Andorra is considered something special in the steep mountains in the middle of the eastern Pyrenees, where there are two co-presidents in addition to an elected parliament: The French President and the Bishop of “La Seu d’Urgell”. Our expectations were mixed and we were a bit surprised: very densely populated along the main valley, where urban buildings indicate busy activities; in addition to the many new buildings, there is busy work on new buildings and a deafening traffic that rolls through the narrow streets. And we hardly found the place to be a shopper’s paradise. Even in the many outlets with their tempting offers, we did not consider the prices to be particularly favourable. Outside “Andorra la Vella”, the capital of the Principality, the picture changed somewhat and the concrete and glass buildings were followed by familiar wooden buildings, quite in keeping with the Alpine model, where the most modern architecture is always inserted as a foreign body. At the higher altitudes, it is also immediately apparent that snow sports provide the livelihood of the local population here in winter. We could not make out the ends of the lifts and cable cars in the clouds, but operations had not yet ceased on this rainy day and a few hardy skiers were sliding down the wet slopes.
For us, Andorra was definitely a bit surreal!
In rain and fog, we left Andorra via the Envalira pass, which was still lined with snow walls on both sides above 2,400 metres and catapulted us back into winter. On the north side, i.e. on the French side, snowfall followed and visibility dropped below 20 metres in places. We were somewhat surprised that despite the lack of visibility, the locals drove at a brisk pace and even swerved into the opposite lane for overtaking manoeuvres; they must have faith in God.
At “Ax-les-Thermes” we wanted to follow our line on the map again and continue over various passes. But when we left the small town, a big sign announced all the closed passes. While the rain pattered incessantly on the roof of the car, we looked for other routes in some frustration, which Chantal also found after a meticulous search on our map. Unfortunately, and we discovered this a little later, not all roads in France are open to private traffic and large, round signs forbade us to pass.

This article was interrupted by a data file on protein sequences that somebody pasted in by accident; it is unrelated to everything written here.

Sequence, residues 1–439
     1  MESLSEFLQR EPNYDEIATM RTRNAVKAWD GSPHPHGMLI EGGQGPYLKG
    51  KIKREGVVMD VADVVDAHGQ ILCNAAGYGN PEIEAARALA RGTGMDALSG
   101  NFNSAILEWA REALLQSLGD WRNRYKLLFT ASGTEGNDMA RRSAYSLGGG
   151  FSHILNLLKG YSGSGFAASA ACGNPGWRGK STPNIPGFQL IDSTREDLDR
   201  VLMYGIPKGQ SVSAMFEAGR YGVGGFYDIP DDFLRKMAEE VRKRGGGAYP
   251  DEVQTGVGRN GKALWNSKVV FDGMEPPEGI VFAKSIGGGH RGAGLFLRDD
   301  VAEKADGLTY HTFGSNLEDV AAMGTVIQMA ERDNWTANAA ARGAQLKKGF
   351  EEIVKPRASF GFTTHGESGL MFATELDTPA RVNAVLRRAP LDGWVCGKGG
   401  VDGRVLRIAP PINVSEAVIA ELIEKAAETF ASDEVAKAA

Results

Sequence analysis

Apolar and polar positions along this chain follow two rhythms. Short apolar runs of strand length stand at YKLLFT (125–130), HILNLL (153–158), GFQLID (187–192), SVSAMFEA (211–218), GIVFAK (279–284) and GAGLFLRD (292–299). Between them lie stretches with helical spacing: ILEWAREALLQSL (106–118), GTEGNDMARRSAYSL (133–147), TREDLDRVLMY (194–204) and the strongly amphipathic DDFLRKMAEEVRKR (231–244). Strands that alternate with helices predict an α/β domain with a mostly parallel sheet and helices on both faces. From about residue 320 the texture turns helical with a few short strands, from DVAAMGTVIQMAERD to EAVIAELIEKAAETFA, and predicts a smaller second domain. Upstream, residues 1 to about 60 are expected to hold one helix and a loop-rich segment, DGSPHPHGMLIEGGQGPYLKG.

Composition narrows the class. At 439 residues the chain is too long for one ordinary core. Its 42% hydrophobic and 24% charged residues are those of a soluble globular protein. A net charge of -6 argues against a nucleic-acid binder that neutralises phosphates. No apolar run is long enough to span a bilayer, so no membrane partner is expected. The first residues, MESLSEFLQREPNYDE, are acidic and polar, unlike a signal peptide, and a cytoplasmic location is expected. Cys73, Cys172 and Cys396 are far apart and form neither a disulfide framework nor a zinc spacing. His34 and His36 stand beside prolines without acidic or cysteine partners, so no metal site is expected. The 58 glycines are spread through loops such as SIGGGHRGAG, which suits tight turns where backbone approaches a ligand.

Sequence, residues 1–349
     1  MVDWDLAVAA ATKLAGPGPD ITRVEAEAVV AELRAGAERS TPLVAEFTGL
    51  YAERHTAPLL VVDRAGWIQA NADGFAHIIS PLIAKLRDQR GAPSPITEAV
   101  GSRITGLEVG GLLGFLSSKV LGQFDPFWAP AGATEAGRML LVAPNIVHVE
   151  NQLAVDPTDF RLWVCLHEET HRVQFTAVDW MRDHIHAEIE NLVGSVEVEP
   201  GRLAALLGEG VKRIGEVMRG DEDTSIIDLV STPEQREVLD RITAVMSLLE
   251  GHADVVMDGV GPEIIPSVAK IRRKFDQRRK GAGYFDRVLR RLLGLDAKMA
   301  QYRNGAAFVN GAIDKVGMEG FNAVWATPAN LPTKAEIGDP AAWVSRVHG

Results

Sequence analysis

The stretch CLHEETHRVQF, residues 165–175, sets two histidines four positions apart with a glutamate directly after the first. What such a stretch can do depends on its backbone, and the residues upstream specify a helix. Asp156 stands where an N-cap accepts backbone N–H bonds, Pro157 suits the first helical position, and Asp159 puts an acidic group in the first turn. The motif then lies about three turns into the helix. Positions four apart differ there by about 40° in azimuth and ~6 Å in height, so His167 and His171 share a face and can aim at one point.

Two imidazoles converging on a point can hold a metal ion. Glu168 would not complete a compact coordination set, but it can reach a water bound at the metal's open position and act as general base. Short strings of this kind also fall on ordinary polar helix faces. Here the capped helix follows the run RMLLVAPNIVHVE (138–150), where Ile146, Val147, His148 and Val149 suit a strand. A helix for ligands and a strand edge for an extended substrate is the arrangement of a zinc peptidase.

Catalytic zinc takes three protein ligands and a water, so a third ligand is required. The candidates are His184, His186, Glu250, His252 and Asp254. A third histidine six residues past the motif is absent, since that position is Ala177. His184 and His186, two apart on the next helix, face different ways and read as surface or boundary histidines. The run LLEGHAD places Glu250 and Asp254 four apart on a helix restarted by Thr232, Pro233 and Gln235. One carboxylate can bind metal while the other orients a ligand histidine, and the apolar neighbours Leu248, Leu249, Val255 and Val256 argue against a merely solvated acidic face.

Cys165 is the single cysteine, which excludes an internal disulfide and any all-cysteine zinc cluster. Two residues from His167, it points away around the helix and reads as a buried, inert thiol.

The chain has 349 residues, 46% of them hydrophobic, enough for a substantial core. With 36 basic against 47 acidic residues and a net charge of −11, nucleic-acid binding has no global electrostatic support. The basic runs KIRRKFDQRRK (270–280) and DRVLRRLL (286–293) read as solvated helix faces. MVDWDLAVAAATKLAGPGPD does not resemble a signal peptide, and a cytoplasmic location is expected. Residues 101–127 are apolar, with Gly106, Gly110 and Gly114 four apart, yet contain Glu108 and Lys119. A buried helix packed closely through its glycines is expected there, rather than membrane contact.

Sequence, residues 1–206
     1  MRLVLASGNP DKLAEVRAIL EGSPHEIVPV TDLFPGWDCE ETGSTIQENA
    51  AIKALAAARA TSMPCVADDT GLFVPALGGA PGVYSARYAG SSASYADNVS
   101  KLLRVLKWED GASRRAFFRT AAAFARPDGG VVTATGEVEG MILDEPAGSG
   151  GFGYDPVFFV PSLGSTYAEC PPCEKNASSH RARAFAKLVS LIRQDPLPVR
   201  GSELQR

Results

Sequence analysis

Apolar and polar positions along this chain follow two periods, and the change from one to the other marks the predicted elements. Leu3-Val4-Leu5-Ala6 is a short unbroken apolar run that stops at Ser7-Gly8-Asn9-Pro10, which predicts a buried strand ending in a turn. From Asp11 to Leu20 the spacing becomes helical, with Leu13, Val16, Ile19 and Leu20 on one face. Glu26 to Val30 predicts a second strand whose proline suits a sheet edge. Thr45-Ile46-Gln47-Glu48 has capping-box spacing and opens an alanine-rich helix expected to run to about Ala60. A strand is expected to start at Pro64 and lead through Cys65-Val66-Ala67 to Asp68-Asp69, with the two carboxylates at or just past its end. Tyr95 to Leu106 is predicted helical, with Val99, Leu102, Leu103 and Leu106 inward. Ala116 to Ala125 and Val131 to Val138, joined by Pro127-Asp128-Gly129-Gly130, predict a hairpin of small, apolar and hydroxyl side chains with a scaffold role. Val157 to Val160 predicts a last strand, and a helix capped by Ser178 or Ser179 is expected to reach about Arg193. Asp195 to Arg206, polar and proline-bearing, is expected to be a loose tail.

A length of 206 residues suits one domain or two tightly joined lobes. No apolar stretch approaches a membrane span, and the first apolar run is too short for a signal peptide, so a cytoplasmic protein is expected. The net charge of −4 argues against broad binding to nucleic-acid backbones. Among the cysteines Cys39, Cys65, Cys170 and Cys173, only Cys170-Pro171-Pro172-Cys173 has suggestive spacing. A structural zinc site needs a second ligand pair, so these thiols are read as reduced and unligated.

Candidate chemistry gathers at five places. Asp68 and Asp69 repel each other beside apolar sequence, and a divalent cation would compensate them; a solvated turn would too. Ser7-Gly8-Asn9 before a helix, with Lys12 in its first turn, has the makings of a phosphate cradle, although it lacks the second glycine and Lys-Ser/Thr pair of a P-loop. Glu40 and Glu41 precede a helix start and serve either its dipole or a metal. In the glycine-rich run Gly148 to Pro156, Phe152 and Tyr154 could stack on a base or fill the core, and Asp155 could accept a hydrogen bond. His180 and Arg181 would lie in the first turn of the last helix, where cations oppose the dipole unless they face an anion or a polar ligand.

Despite the rain and the frosty temperatures, there was a lot going on at the Carcassone town council campsite. We wondered what people were doing here at this time of year and we were the only ones who booked a pitch for just one night. While our heater was purring away outside, our jeep sank more and more into the damp earth. The rain just wouldn’t stop and I (Tom) was fed up for a moment with the eternal “being cold”. But let nothing show, so that we would not let it spoil each other’s morale.
Despite the bad weather conditions, we wanted to stick to our programme, so that a possible visit to the builder of our camping cabin would still be possible. There we wanted to clarify many open questions about the construction of the “Gazelle”. So for the time being we headed towards “Clermont-Ferrand” and soon we were again in wide, lonely areas where many small towns and villages give the impression of a somewhat dreamy and ideal world. If the sun were still smiling; it would be a dream to roam through this area.
After Saint-Affrique, we climbed further into the heights of the Massif Central and the many “Parc natural” kept presenting us with the same problem: we had to turn back on our chosen path. In addition to the prohibition signs, there were often massive iron bars across our path, which inevitably prevented our passage. Other path connections were surprisingly neither blocked nor forbidden and brought us to the next elevation, where it usually went steeply down again on the next side into the following valley cut.
After these many impressive “ups and downs” in this unique area west of the Rhone Valley, we spent the night on a farm overlooking the valley of the same name. The mountains to the east of us were shrouded in thick clouds, but we had an extensive talk with the owner, who is also a forester on the farm. Many of his statements surprised us and the “laisser faire” country turned into a regimented everyday life. After the freedoms we had grown fond of in Spain, we also had to get used to the corresponding conditions again.
Unfortunately, the visit to the builder of our Gazell camping kit came to nothing. So we were able to travel towards Geneva on a new virtual line. For the next big leap of our journey we have to adapt the jeep as well as the living cabin again. The first dealer we wanted to go to has his shop on the outskirts of Geneva. From the renewed experience and adventures of the past months, the wish list was correspondingly long and demanding.
After the many consultations in Geneva, Thun, Zollbrücke and Hindelbank, we took the last kilometres to our temporary domicile under our wheels. Since I (Tom) hadn’t ridden over the Grenchenberg for a long time, we chose this steep route up into the Jura. Those who know this route also know that it is steep, the road often leads along rock faces and at the top you are rewarded with a stunning view of the Alps. But the view came to nothing and the enjoyment plummeted – due to the shock! After another x-thousand kilometres in all possible parts of Europe, a lump of rock slammed onto our bonnet and windscreen on the way up to Grenchenberg. With a lot of luck, the lower windscreen frame protected us from a complete puncture and spared us from possible injuries caused by splinters and stone. It took some time until we recovered from the shock, examined the damage from the outside and were able to clarify what was necessary for the onward journey.
We skipped the enjoyable view over the midlands; we really didn’t feel like it any more!
At some point, later than planned, we arrived in Aesch and were glad that we only had damage to the car body and glass. Or as they say, broken glass brings good luck!
Hopefully the repair of our jeep will work out and the necessary parts are available. Nowadays, many things are no longer a matter of course!
We will keep you informed……